Guest post: You Say You Want a Revolution by Carrie Patel

Note: In Case of Survival is part of the Cities and Thrones blog tour. Yesterday’s review was not part of the tour, but today’s post is.

Today, we have a guest post from author Carrie Patel. Yay! Thanks for joining us, Carrie!

What are your thoughts on revolutions? Let us know in the comments!


You Say You Want a Revolution

Wicked rulers and corrupt governments have been a staple of speculative fiction for about as long as they’ve been around in real life.

Which is to say, forever.

Overthrowing the despot, deposing the dynasty, and outmaneuvering the bureaucracy are nearly-universal power fantasies, so it’s no surprise that they show up in much of our fiction.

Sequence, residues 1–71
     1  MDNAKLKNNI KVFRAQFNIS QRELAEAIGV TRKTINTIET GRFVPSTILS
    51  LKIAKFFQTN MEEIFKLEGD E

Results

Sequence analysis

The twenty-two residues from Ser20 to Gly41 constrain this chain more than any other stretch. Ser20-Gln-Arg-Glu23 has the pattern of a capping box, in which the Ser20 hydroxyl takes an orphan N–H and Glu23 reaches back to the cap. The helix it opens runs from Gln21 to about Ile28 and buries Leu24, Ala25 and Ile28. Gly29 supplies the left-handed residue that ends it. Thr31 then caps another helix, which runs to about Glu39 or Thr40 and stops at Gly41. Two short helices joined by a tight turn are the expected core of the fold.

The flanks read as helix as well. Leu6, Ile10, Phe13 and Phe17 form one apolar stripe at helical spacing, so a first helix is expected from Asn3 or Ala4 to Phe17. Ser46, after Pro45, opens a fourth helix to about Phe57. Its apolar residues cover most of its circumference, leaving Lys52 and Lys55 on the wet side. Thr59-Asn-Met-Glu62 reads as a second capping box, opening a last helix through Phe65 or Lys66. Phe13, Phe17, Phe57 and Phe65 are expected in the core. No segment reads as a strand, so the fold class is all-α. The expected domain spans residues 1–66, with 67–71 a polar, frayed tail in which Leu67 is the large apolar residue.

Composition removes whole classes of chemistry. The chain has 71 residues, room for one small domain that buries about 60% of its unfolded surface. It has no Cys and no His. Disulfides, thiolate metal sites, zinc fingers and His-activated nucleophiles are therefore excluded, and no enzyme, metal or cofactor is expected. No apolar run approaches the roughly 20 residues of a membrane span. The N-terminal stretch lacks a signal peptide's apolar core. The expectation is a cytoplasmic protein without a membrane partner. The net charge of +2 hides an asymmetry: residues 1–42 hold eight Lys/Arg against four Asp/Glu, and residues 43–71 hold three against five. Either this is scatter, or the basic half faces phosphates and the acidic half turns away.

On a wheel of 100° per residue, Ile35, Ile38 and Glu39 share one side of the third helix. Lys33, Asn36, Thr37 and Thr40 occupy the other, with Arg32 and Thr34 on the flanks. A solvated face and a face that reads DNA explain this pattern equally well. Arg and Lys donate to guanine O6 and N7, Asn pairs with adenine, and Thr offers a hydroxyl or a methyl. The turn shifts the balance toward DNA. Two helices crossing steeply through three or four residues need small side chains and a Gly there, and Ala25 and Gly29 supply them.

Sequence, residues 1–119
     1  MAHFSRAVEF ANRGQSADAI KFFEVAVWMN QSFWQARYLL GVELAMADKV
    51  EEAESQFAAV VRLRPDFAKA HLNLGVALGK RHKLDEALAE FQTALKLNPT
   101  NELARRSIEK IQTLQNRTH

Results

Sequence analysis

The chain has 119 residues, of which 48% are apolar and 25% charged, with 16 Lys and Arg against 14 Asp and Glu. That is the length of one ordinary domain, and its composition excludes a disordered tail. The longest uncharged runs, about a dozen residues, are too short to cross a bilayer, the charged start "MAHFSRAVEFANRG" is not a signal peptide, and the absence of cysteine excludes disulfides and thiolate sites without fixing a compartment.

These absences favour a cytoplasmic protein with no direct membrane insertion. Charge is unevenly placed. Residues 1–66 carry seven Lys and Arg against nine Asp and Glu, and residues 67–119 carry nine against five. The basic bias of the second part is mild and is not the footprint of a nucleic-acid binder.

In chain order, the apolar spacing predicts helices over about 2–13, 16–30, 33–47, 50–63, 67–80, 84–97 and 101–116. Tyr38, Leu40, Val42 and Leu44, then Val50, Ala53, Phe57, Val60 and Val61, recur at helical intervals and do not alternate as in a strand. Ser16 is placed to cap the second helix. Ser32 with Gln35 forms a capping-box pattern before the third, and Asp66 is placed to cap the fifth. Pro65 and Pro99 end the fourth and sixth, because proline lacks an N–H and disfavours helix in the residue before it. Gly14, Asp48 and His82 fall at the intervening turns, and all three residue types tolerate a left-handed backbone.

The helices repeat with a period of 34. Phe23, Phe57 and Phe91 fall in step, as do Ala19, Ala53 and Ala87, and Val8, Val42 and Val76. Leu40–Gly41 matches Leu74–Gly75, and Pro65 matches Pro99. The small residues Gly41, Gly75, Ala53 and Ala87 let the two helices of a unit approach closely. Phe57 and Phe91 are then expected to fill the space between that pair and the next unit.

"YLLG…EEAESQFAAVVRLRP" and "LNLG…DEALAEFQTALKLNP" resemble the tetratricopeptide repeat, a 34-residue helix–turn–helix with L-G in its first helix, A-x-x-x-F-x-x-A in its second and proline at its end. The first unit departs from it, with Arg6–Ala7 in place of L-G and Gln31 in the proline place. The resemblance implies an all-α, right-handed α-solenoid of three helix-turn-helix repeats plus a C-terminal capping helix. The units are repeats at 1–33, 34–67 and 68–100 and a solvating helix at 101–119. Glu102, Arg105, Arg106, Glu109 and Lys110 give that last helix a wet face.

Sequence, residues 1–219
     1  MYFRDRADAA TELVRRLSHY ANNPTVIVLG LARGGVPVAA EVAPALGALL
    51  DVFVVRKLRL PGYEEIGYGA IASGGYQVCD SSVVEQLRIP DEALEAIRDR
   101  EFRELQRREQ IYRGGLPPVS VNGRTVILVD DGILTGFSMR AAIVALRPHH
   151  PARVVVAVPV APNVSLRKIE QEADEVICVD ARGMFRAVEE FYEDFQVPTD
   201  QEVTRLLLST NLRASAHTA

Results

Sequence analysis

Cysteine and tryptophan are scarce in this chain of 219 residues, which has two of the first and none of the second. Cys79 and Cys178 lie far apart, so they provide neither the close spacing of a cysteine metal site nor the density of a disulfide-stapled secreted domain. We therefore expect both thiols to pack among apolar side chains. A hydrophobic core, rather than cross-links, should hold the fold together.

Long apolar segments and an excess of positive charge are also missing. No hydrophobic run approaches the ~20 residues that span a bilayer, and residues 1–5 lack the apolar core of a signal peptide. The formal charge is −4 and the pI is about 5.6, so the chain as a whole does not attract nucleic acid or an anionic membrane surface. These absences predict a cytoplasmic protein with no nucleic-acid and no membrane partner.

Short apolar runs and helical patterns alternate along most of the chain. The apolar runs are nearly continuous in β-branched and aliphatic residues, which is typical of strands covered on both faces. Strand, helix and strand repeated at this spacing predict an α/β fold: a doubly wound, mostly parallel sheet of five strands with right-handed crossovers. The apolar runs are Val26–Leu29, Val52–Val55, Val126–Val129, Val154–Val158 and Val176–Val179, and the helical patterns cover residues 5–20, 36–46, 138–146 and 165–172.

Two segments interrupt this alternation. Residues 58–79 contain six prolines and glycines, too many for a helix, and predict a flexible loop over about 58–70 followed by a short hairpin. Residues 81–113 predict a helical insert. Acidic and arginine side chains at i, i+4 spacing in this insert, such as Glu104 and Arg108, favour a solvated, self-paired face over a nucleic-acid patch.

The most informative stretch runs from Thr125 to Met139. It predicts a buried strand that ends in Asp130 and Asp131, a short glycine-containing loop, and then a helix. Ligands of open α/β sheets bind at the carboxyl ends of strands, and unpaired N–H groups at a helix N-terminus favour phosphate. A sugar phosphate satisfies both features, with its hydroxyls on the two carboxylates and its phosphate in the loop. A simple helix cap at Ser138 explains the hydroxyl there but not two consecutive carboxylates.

And so we read stories about heroic pig farmers who vanquish sorcerer-kings and resourceful children who save the world. These story arcs follows the heroes’ empowerment, their struggles, and their ultimate triumph over the forces of evil and ineptitude.

It’s generally assumed that everything is hunky dory once the heroes have ousted the bad guys. All that remains after that point are the author’s acknowledgements.

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Endings based on successful revolutions are satisfying because they reflect a certain moral symmetry that we like. It seems right and reasonable that circumstances should improve when people who are intelligent and well-meaning replace those who are not. We like to see our heroes earn their happy endings, and we want to believe that the world can become a better place through simple, honest effort.